We are living in a world that is global and exponential. Technology is taking things that used to be scarce and making them abundant—and these forces are reshaping the fields of medicine and healthcare in completely novel ways.
Opening this year’s Exponential Medicine conference in San Diego, Daniel Kraft, the curator of the conference, and faculty chair of Medicine and Neuroscience at Singularity University, took the audience on a whirlwind tour of the latest developments in healthcare and medicine.
“Technology is moving faster and faster,” Kraft said. “The challenge is finding how to put it to use across the whole healthcare space…We can now start connecting the dots and making a difference.”
Connecting the dots is what Exponential Medicine is all about. The annual conference brings together participants from across the medicine and healthcare space to learn about the convergence of accelerating technologies such as big data, wearables, sensors, artificial intelligence, deep learning, and cloud computing—and then seek ways to infuse these technologies as game-changing (and lifesaving) tools in their fields.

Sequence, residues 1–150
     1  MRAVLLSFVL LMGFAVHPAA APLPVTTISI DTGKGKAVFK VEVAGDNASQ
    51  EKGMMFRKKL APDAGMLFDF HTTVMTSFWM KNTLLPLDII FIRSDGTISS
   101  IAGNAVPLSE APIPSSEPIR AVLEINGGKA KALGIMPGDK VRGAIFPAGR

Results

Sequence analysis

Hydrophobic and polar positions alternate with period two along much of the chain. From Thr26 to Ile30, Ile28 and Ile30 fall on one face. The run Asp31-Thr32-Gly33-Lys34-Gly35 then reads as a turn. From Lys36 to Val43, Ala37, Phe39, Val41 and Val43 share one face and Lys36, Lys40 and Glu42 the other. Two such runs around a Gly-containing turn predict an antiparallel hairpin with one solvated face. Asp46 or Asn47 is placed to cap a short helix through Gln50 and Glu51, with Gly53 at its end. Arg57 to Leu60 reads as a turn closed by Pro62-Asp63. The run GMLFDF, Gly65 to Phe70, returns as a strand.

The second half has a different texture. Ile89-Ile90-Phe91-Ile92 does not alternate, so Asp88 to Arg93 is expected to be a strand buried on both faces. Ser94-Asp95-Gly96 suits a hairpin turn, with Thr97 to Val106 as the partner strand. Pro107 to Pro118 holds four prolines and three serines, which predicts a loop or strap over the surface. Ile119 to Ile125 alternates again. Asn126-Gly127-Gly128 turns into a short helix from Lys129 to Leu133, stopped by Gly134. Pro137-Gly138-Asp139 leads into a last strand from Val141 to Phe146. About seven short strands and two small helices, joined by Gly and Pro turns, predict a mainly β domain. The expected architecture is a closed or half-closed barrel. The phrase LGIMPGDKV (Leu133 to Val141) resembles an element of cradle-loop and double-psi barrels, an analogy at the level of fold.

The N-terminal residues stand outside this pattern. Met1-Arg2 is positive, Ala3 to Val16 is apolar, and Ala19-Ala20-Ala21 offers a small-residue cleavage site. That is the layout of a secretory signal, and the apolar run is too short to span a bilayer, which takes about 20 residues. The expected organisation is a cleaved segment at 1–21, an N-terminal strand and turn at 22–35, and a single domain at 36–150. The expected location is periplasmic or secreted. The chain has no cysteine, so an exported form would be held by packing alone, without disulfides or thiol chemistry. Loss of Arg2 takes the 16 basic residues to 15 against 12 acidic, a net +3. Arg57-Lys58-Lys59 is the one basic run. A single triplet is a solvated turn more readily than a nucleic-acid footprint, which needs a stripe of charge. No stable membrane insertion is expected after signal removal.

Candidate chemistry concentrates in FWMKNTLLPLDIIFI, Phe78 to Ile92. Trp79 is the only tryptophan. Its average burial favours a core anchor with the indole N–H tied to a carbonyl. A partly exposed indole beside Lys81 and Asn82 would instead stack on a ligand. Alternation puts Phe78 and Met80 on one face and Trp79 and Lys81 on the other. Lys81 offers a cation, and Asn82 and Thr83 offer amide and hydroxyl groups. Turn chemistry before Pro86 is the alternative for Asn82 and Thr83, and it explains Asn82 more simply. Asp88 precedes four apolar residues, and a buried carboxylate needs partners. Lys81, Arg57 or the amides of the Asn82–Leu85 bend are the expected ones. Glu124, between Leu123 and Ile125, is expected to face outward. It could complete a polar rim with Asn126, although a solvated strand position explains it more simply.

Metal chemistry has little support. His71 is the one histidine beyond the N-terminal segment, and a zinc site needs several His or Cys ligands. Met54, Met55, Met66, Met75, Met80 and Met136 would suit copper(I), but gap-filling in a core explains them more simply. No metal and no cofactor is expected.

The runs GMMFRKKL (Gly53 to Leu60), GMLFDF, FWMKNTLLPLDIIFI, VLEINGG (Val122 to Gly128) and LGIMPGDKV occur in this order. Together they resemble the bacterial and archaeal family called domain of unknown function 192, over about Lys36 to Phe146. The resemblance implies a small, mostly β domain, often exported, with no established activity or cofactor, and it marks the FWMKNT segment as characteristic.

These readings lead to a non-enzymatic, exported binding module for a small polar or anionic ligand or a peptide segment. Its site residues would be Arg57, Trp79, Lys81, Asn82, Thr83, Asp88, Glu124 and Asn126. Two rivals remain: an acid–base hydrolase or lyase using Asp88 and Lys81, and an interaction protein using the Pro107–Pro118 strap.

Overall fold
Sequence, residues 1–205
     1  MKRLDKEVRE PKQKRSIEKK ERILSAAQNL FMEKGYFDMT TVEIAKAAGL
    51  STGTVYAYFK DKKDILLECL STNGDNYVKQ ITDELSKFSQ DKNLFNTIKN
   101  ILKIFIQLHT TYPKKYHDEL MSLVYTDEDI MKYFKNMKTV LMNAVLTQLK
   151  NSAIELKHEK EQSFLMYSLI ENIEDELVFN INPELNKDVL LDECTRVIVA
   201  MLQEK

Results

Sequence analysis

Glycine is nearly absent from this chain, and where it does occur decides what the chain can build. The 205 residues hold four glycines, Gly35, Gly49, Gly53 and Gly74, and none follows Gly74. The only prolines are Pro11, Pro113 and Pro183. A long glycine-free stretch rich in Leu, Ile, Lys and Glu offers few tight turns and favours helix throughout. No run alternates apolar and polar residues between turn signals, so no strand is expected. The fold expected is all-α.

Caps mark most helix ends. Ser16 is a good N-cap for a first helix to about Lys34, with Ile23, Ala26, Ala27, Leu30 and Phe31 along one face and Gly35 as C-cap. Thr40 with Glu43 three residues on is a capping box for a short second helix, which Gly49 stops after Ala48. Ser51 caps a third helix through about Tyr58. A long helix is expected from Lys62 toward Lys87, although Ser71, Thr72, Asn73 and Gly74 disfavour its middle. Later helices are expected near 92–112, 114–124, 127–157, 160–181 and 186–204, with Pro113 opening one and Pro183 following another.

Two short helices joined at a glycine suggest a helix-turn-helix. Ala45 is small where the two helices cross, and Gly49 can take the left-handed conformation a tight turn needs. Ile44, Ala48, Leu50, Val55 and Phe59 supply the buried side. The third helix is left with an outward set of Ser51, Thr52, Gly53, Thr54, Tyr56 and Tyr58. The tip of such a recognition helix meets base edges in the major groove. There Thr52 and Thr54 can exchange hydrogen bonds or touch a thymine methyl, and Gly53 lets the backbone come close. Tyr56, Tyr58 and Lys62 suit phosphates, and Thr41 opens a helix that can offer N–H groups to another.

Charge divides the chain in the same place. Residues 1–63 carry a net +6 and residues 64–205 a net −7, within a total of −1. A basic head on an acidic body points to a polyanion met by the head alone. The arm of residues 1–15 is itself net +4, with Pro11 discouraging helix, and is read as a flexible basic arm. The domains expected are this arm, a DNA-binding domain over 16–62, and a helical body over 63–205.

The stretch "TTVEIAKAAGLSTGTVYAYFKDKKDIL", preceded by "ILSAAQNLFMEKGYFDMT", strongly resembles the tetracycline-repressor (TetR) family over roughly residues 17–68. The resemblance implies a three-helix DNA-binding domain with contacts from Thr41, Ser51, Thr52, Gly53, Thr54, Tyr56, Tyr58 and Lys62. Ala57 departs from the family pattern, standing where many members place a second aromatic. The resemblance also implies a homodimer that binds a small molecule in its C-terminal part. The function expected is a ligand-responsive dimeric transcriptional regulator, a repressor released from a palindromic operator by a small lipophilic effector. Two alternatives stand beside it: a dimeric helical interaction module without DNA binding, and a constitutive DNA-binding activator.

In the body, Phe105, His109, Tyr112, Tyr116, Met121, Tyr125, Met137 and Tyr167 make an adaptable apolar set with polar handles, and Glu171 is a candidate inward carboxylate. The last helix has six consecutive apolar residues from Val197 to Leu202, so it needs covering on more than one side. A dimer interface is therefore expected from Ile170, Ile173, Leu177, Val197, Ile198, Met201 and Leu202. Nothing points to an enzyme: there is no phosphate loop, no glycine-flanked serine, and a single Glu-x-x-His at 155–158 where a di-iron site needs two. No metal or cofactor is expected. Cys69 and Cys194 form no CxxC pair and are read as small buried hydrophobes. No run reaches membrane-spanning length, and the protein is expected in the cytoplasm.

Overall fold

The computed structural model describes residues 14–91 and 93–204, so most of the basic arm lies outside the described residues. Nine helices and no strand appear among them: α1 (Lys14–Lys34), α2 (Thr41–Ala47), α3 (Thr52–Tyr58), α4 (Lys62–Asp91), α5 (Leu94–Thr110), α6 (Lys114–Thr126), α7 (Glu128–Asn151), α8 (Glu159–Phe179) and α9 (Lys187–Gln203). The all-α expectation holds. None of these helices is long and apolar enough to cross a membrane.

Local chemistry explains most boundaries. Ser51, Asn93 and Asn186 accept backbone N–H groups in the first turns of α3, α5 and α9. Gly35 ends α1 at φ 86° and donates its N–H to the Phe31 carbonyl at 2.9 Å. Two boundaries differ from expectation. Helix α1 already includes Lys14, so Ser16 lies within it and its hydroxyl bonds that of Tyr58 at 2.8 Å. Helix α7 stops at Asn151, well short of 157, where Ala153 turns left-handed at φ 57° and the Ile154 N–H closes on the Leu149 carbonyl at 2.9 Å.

Kraft described how we are now seeing innovations in healthcare that used to only exist in science fiction plots—like when Dr. Beverly Crusher in Star Trek would find a brain tumor before it was too late. The real life version has doctors 3D printing visuals of tumors to better understand the tumor. This is the future of medicine and it’s happening today.
Kraft touched on these key developments and trends that will guide the conversation at Exponential Medicine over the next few days:
We can change our mindset from “sickcare” to “healthcare” by shifting from a reactive era of medicine to an era of medicine that is proactive, preventative, and continuous care.
We’re going to see a return of the house call, where on demand and in-home care is increasingly available. More services will come online to make this possible like Iodine.com, which offers a “Yelp for drugs.”
Advances in artificial intelligence are allowing for both patients and healthcare providers to finally move beyond “big data information overload,” and into receiving synthesized and intelligent diagnoses paired with proactive treatment plans.